SAP Logon Ticket

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SAP Logon Tickets represent user credentials in SAP systems. When enabled, users can access multiple SAP applications and services through SAPgui and web browsers without further username and password inputs from the user. SAP Logon Tickets can also be a vehicle for enabling single sign-on across SAP boundaries; in some cases, logon tickets can be used to authenticate into 3rd party applications such as Microsoft-based web applications.[1]

How Does It Work[edit]

  1. User requests access to a resource on SAP NetWeaver Application Server.
  2. Resource requires authentication.
  3. SAP NetWeaver Application Server authenticates user, with user ID and password for example.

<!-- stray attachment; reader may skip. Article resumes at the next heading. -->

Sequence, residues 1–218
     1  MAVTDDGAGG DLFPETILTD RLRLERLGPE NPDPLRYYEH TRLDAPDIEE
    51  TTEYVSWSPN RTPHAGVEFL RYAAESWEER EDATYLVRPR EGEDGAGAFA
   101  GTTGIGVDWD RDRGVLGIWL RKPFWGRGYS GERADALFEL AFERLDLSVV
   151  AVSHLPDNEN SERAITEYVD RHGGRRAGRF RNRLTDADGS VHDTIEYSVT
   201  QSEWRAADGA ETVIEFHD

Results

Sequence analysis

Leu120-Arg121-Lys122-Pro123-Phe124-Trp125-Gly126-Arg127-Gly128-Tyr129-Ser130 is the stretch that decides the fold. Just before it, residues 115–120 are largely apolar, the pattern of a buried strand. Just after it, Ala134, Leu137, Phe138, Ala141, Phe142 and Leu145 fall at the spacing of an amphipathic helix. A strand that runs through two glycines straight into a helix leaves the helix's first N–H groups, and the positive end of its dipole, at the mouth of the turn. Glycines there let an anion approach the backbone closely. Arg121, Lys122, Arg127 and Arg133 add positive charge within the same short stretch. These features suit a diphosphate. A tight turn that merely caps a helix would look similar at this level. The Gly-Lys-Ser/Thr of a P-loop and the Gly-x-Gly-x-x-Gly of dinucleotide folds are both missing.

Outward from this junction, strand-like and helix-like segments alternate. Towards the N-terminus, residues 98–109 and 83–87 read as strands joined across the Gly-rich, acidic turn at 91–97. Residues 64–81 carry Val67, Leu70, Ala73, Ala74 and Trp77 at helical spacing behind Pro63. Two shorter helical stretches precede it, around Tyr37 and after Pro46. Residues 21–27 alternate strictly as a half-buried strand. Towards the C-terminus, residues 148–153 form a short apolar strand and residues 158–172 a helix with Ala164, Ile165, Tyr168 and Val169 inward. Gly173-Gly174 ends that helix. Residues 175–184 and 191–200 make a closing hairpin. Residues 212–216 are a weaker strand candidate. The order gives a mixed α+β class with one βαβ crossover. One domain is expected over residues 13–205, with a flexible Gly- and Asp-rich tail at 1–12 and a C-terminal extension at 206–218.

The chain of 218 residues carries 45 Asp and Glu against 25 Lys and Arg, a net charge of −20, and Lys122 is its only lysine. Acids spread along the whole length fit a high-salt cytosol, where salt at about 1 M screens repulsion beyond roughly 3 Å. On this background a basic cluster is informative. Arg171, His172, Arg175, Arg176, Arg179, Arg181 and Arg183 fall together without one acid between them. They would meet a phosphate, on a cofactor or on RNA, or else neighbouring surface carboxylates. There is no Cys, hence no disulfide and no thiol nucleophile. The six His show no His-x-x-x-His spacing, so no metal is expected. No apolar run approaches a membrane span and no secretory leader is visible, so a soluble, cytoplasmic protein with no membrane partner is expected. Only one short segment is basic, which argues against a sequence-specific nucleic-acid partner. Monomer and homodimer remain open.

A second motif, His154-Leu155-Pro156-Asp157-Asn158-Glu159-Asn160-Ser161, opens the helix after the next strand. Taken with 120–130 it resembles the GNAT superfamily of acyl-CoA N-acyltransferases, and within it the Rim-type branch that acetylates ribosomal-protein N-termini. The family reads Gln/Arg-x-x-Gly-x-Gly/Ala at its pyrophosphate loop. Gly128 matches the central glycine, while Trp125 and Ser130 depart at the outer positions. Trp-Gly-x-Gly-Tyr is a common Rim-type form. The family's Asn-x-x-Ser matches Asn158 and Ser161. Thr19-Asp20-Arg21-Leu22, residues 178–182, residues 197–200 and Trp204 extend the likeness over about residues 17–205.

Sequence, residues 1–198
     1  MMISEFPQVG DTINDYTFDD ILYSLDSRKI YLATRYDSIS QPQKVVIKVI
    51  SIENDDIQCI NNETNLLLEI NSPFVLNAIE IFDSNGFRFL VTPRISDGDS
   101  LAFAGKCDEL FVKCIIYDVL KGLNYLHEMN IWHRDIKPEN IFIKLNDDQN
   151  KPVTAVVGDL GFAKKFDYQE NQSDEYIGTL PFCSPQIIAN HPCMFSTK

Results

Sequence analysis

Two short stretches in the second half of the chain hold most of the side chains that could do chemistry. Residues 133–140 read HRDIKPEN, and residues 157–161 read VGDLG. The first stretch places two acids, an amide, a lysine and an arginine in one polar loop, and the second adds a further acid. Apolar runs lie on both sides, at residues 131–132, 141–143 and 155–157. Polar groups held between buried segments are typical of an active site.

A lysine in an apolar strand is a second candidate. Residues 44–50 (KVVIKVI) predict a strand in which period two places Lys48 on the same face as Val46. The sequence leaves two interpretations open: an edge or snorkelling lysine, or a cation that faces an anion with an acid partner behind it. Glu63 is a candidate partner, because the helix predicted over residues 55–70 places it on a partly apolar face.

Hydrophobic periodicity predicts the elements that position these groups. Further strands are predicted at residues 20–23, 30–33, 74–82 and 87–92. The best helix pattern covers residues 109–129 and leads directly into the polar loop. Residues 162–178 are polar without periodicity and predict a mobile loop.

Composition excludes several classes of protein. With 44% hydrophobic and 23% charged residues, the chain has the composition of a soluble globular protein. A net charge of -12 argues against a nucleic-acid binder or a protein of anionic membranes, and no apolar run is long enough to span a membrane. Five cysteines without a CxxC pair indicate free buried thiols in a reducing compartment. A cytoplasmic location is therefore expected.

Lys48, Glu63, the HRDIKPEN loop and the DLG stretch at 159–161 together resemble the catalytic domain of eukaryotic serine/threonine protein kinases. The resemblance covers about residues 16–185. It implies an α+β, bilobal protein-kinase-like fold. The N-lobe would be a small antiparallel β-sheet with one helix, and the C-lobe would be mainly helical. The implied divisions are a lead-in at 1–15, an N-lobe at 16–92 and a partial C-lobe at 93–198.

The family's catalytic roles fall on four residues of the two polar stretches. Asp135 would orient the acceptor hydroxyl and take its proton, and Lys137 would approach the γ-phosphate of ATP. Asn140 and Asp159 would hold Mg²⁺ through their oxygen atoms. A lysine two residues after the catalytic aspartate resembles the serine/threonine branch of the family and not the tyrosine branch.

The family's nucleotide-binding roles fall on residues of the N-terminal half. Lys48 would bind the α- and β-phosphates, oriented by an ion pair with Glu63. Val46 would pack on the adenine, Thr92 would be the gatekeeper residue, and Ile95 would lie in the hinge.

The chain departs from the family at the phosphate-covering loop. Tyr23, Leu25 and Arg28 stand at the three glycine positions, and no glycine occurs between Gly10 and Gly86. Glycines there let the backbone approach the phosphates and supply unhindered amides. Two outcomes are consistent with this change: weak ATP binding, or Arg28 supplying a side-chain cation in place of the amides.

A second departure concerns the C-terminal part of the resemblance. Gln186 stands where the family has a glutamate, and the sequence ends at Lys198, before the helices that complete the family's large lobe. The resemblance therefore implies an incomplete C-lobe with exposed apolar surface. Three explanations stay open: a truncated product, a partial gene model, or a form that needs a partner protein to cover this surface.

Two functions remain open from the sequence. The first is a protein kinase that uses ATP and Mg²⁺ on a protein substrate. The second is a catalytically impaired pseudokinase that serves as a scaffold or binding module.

4. SAP NetWeaver Application Server issues an SAP Logon Ticket to the user.
  5. SAP Logon Ticket is stored in the user's browser as a non-persistent HTTP cookie.
  6. When user authenticates with another application, the user's client presents the SAP Logon Ticket.

Composition[edit]

  • User ID
  • Validity date(s)
  • Issuing system
  • Digital signature
  • Authentication method

Notable Properties[edit]

Below is a short list of important properties of SAP NetWeaver Application Server Java for SAP Logon Tickets.[2]

  • login.ticket_client - a three-character numeric string used to indicate the client that is written into the SAP logon ticket
  • login.ticket_lifetime - indicates the validity period of the ticket in terms of hours and minutes (i.e., HH:MM)
  • login.ticket_portalid - yes/no/auto for writing the portal ID into the ticket
  • ume.login.mdc.hosts - Enables SAP NetWeaver Application Server Java to request logon tickets from hosts outside the portal domain
  • ume.logon.httponlycookie - true/false for security against malicious client-side script code such as JavaScript